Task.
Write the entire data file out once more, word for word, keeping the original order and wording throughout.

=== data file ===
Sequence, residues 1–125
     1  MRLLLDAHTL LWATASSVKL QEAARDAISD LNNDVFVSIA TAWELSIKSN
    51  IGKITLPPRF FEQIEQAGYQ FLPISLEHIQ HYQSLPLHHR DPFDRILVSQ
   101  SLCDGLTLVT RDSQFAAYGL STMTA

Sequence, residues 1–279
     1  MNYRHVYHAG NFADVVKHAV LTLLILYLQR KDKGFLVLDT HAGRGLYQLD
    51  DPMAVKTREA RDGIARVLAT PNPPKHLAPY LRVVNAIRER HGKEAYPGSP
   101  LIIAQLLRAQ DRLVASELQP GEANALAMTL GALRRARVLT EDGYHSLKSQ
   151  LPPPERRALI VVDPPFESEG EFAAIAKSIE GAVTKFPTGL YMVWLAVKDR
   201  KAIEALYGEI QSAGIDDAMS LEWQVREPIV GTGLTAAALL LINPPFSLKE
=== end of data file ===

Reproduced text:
Sequence, residues 1–125
     1  MRLLLDAHTL LWATASSVKL QEAARDAISD LNNDVFVSIA TAWELSIKSN
    51  IGKITLPPRF FEQIEQAGYQ FLPISLEHIQ HYQSLPLHHR DPFDRILVSQ
   101  SLCDGLTLVT RDSQFAAYGL STMTA

Sequence, residues 1–279
     1  MNYRHVYHAG NFADVVKHAV LTLLILYLQR KDKGFLVLDT HAGRGLYQLD
    51  DPMAVKTREA RDGIARVLAT PNPPKHLAPY LRVVNAIRER HGKEAYPGSP
   101  LIIAQLLRAQ DRLVASELQP GEANALAMTL GALRRARVLT EDGYHSLKSQ
   151  LPPPERRALI VVDPPFESEG EFAAIAKSIE GAVTKFPTGL YMVWLAVKDR
   201  KAIEALYGEI QSAGIDDAMS LEWQVREPIV GTGLTAAALL LINPPFSLKE